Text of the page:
Sunday, April 3, 2011
One hundred years after the Triangle Waist Company fire, the fashion that employed small armies of seamstresses at the turn of the last century endures.
The American shirtwaist was a trend that, quite literally, had legs. This brash but sensible pairing of tailored shirt and skirt offered a glimpse of the ankles, which was as rare in its day as it was freeing.
Designed for utility, the style was embraced at the turn of the 20th century by legions of young women who preferred its hiked hemline and unfettered curves to the confining, street-sweeping dresses that had hobbled their mothers and aunts.
Saturday, April 2, 2011
from Juan Morel Campos Secondary School, 215 Heyward St., Brooklyn, NY 11206
Principal: HOWARD FINEMAN
Asst. Principal: John Agnello
Posted by David Ballela at 7:25 AM
Thursday, March 31, 2011
Saturday, March 26, 2011
People who lost family members in the Triangle Shirtwaist Factory Fire joined a Friday procession to Greenwich Village to remember relatives lost a century ago, and to stress that New York City cannot forget the lessons learned from the tragedy. NY1's Roger Clark filed the following report.
Rosie Weiner, one of 146 victims of the Triangle Shirtwaist Factory fire, was only 19 when she died.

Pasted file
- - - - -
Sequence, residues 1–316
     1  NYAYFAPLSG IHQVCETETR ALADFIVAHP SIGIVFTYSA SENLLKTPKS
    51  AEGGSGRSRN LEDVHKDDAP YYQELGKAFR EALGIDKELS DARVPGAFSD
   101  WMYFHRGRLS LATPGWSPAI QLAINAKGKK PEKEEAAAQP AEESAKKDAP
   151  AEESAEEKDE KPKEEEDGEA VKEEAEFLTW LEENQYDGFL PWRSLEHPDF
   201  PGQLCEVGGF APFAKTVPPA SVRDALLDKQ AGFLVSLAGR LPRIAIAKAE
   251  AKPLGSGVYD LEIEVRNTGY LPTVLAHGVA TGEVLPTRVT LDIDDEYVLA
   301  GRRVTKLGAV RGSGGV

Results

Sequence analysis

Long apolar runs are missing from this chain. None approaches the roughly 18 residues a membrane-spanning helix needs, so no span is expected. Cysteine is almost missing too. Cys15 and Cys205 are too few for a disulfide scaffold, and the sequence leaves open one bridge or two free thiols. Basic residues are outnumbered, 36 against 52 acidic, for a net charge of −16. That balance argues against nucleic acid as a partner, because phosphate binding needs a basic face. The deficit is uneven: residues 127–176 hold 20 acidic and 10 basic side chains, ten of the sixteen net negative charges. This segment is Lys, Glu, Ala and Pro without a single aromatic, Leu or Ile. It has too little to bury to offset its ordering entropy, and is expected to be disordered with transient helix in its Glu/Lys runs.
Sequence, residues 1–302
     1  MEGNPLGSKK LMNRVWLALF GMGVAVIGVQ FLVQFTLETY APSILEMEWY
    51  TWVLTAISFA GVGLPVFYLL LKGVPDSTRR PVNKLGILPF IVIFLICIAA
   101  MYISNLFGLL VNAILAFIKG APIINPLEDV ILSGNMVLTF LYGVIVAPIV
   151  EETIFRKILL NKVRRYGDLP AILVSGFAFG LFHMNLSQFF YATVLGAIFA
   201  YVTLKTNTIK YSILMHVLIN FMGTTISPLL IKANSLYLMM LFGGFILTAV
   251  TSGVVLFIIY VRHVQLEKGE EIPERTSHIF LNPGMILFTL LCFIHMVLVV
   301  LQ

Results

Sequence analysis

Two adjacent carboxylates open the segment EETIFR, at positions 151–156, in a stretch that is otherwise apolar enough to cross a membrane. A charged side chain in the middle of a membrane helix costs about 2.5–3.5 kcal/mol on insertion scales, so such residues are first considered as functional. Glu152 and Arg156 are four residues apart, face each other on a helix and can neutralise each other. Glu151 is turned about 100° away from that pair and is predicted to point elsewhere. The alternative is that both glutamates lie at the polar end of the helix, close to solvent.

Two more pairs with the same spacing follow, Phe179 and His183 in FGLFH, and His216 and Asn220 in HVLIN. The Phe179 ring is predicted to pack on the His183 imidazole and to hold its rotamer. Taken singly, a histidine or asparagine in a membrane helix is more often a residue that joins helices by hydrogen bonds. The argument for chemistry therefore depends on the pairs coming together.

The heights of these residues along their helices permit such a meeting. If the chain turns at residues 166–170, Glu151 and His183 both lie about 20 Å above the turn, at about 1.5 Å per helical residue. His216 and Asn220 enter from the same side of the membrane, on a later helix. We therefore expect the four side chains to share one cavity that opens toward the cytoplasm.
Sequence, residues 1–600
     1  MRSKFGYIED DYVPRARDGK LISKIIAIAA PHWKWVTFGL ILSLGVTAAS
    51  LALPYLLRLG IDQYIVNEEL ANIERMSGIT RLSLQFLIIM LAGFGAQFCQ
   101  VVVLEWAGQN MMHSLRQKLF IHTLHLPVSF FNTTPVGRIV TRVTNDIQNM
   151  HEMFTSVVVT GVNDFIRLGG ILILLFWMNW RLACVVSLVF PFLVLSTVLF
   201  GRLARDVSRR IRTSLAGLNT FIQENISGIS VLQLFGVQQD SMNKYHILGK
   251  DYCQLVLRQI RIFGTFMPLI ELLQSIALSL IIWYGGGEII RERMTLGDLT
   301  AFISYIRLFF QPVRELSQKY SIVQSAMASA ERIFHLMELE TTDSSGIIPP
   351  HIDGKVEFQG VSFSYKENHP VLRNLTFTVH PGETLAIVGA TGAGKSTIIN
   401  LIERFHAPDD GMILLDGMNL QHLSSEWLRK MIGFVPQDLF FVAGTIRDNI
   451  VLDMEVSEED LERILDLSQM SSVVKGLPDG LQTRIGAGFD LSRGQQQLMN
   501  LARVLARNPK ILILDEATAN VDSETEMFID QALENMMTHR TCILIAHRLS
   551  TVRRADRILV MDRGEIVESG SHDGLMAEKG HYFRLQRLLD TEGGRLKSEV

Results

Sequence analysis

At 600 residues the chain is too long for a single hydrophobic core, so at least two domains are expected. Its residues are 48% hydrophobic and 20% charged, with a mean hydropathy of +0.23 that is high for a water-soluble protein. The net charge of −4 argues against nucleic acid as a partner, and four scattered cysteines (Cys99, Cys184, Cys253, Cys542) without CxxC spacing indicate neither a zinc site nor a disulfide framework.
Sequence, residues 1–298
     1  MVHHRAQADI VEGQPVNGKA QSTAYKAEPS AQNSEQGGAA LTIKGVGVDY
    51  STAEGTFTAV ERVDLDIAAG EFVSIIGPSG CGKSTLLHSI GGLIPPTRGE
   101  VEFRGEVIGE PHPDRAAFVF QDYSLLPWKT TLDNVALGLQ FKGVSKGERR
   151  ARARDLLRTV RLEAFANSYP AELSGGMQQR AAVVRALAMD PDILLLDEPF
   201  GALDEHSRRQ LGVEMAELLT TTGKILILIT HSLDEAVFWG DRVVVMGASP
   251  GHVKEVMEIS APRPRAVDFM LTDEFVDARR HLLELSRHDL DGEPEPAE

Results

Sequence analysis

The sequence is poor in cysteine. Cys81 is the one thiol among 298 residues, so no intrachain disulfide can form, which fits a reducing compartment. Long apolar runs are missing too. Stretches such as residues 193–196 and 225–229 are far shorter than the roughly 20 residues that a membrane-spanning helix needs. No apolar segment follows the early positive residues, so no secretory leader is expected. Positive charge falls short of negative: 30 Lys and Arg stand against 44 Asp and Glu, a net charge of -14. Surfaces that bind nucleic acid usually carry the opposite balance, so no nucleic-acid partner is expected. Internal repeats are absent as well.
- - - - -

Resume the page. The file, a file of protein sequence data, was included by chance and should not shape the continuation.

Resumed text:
"She jumped from the ninth floor window. According to reports, she was holding her friend Tessie Wisner's hand," said Suzanne Pred-Bass, Weiner's great-niece.
Pred-Bass was one of hundreds marching in a Friday procession from Union Square to the scene of the Triangle Shirtwaist fire. Another of her great-aunts, Rosie's 17-year-old sister Katie, somehow survived that day 100 years ago.
"She grabbed the cable, really so courageously, of the last elevator to leave the ninth floor and saved herself. It was really remarkable," said Pred-Bass.
Annie Springsock, then 17 years old, also survived. Her granddaughter, Eileen Nevitt, came from California to pay tribute to her and the historical impact of the fire.
"These safeguards in work places, to make sure that our workplaces are safe, were hard-fought-for protections," said Nevitt. "And I think it is very important for all Americans to realize that we should very much make sure that our safeguards continue."
Denise DiCapua and Mary Alice Del Castillo were there to remember 17-year-old Josie Del Castillo, DiCapua's great-aunt who was lost in the fire.
"As a young child I has only knew that there was a relative that died in this fire, but in the past year or so we have gotten to learn more about her life and the events surrounding the fire," said DiCapua.
"I just felt that on the 100th anniversary, some members of the family should be here to remember Josie, and what happened," said Del Castillo, the wife of the victim's great-nephew.
The message from everyone at the procession was to not forget those lessons learned from a tragic day that changed so much for so many.
Posted by David Ballela at 11:14 AM